First there was an opportunity......then there was a betrayal. Twenty years have gone by. Much has changed but just as much remains the same. Mark Renton (Ewan McGregor) returns to the only place he can ever call home. They are waiting for him: Spud (Ewen Bremner), Sick Boy (Jonny Lee Miller), and Begbie (Robert Carlyle). Other old friends are waiting too: sorrow, loss, joy, vengeance, hatred, friendship, love, longing, fear, regret, diamorphine, self-destruction and mortal danger, they are all lined up to welcome him, ready to join the dance.Written by
Sony Pictures Entertainment
There's a very dreamy song that plays at least twice during the film. Most notably, when Renton is lying on the pool table after meeting Sick Boy in the bar. This song is called 'Deep Blue Day' by Brian Eno, off of his 1983 ambient album "Apollo: Atmospheres and Soundtracks" and was also featured in Trainspotting (1996) when Renton is swimming. Danny Boyle used Brian Eno's 'An Ending (Ascent)' from the same album in 28 Days Later... (2002). See more »
When Renton meets Simon in his pub he is playing snooker on his own. In the first shot there are only red balls and a black ball . In the next shot a yellow ball appears on the table. See more »
First, there's an opportunity. Then... there's a betrayal.
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The initial final credits appear over modified scenes of tower blocks and other buildings being demolished. Once the cast credits appear, the background changes to amorphous, swirling, mainly black/ white/ grey shapes. See more »
Sequels long after its original is always risky business. Especially one that I did not think needed it. But director Danny Boyle is back with a follow-up to one of the most influential British films of all-time.
I had only seen Trainspotting for the first time several years ago. I remember being quite impressed by it, despite me never going nuts for drug-related films. I was more interested by the style of film- making and well developed characters. It also contain one of the most distressing scenes I have seen in any film.
21 years later, and now we see where the lads are now. I saw the trailer to see if it's going to be worth it, and I was surprised how good it looked. Some of the dialogue I was hearing sounded like we were instantly back in this mad environment. With the trailer doing plenty to get me intrigued, I had pretty solid hopes for a worth sequel.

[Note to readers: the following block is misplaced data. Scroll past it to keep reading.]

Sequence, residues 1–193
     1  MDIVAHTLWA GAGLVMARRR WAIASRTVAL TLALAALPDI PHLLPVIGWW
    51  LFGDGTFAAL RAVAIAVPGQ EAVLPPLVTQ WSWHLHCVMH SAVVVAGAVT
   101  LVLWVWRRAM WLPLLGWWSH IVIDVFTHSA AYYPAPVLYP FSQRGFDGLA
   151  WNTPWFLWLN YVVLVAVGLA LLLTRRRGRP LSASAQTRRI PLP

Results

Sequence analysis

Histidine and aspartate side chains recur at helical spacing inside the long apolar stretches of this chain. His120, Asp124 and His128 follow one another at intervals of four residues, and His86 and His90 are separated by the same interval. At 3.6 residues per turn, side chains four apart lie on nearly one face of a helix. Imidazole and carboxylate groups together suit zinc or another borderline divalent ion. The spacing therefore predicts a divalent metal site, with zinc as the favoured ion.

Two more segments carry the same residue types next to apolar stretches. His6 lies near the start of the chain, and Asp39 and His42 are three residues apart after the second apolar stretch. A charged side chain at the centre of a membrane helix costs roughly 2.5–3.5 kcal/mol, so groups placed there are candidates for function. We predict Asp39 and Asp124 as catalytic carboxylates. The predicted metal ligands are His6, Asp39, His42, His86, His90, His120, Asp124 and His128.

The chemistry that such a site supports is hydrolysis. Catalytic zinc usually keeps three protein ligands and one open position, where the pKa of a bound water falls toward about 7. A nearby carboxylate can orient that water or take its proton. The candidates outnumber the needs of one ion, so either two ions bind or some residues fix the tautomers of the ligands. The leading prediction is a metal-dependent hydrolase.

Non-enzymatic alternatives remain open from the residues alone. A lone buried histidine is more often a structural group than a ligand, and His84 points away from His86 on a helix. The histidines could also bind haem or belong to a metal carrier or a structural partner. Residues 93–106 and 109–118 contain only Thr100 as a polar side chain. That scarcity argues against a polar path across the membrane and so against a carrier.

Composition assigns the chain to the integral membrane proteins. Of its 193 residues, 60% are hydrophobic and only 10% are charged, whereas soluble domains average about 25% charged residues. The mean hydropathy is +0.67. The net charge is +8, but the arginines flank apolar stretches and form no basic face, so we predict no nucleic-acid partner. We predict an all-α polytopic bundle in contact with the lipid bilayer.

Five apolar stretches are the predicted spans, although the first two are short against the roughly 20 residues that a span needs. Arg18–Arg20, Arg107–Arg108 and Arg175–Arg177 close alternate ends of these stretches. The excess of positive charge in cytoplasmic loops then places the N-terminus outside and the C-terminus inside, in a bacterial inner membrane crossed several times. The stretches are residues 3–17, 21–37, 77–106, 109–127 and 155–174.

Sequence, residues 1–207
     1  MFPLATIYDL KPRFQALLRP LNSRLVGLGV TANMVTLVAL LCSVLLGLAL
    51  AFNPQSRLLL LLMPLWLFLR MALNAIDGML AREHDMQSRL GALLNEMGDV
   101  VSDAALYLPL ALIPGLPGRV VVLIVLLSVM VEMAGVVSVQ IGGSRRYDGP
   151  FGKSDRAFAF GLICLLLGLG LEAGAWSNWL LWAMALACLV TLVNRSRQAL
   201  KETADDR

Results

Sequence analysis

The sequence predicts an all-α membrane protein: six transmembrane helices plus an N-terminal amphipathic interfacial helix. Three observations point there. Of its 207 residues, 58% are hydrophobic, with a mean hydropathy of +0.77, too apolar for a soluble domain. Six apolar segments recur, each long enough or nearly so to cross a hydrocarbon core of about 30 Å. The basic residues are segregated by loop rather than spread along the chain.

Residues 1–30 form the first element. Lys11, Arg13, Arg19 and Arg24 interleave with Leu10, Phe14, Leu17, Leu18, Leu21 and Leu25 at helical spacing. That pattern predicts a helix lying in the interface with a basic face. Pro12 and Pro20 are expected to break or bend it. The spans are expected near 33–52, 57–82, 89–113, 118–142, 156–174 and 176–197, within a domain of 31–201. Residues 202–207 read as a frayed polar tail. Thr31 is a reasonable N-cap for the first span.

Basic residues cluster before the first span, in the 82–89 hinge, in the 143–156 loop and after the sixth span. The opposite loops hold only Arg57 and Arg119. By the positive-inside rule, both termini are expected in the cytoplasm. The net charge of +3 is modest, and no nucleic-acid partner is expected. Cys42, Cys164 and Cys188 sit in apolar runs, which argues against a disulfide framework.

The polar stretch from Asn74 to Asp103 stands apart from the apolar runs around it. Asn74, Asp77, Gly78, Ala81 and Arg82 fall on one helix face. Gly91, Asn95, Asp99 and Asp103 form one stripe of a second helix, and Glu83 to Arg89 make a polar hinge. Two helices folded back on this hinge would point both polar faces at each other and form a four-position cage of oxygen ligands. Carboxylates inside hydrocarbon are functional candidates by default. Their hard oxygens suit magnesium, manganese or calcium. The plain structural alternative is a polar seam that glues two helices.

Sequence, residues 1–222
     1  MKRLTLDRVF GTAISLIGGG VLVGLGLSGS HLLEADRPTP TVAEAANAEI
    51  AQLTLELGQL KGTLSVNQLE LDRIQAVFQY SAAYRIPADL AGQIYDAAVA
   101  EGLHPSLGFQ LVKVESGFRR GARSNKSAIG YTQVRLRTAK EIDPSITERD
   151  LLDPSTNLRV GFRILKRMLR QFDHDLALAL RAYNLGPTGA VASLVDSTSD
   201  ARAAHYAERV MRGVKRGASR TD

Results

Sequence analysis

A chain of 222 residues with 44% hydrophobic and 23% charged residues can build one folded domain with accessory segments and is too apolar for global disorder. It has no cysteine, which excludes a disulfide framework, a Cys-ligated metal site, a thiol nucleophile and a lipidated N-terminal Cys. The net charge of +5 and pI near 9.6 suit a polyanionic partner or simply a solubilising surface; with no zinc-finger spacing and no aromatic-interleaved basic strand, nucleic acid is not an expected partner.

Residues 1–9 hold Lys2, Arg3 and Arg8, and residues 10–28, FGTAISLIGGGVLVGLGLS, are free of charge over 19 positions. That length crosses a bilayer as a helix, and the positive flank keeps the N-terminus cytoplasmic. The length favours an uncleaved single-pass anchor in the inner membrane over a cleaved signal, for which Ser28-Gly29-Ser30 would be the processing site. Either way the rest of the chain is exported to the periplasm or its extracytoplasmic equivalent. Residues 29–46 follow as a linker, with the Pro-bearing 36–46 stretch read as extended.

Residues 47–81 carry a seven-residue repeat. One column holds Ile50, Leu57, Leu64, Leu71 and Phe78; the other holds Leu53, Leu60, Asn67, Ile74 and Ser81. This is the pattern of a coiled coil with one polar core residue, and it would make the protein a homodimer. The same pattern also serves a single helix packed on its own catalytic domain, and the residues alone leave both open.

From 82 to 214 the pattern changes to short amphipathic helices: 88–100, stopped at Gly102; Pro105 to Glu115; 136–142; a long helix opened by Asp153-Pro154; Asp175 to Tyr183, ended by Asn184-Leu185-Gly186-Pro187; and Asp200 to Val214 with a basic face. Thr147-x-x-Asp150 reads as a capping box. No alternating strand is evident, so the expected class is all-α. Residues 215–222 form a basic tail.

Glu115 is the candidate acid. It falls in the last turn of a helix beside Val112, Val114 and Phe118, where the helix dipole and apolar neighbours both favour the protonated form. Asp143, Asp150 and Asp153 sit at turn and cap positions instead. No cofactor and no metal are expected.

Amazingly, I felt it managed to all come together. For something that I'm sure Boyle holds very dearly to his heart, you would expect him to never go near this work again. Especially when he has never done a sequel before. But we are now here, and I think everyone did a grand job. I did not get the sense that the makers made this for an easy box office return. I felt it was there to be an actual follow-up to the events from 1996, which is fantastic to see. The tone is definitely being aimed at the people who grew up with the original. With that in mind, it will be interesting to see how it works to the generation that are of the age the cast were in the original, and see if it can relate to a broad age range.
The gang are back, and all four of them were great in their performances. Honestly, it was like they had never left. Ewan McGregor holds the film well as Renton, has many strong moments and you can tell he is enjoying getting back in the saddle. Roberty Carlyle continues to be as hilarious as Begbie was back in the day. Ewen Bremner as Spud shines the most for me, was given great development and became such a pivotal part of this sequel. I was really surprised to see Johnny Lee Miller give a great performance, as it is only recently that he has got back into movie acting after being busy with a TV series.
Another thing some sections of the audience like to see with sequels, is the level of nostalgia. The use of that and memory was cleverly done. It felt like it meant something, instead of just making us think "I'd rather be watching the original".
I have only very minor negatives. There were moments that felt a bit scattered at times and did not feel that well connected to the main story.
I was not expecting this to be so enjoyable. Boyle and his done have done a great job by keeping this a down-to-earth story and making feel like it deserves a second installment. I think what the films big strengths are, is what made the original so successful. The characters are still as memorable as ever, the writing is sharp and funny when needed, the visuals are engrossing and impactful, and the soundtrack is strong. They also managed to make the film worth seeing for people who haven't even seen the original, which was impressive to see.
When you think about it, a lot of Danny Boyle's work is about friendship, and this one is no different. I will continue to be excited for his next project, after making what will probably one of the big surprises of 2017. What a start to the year!
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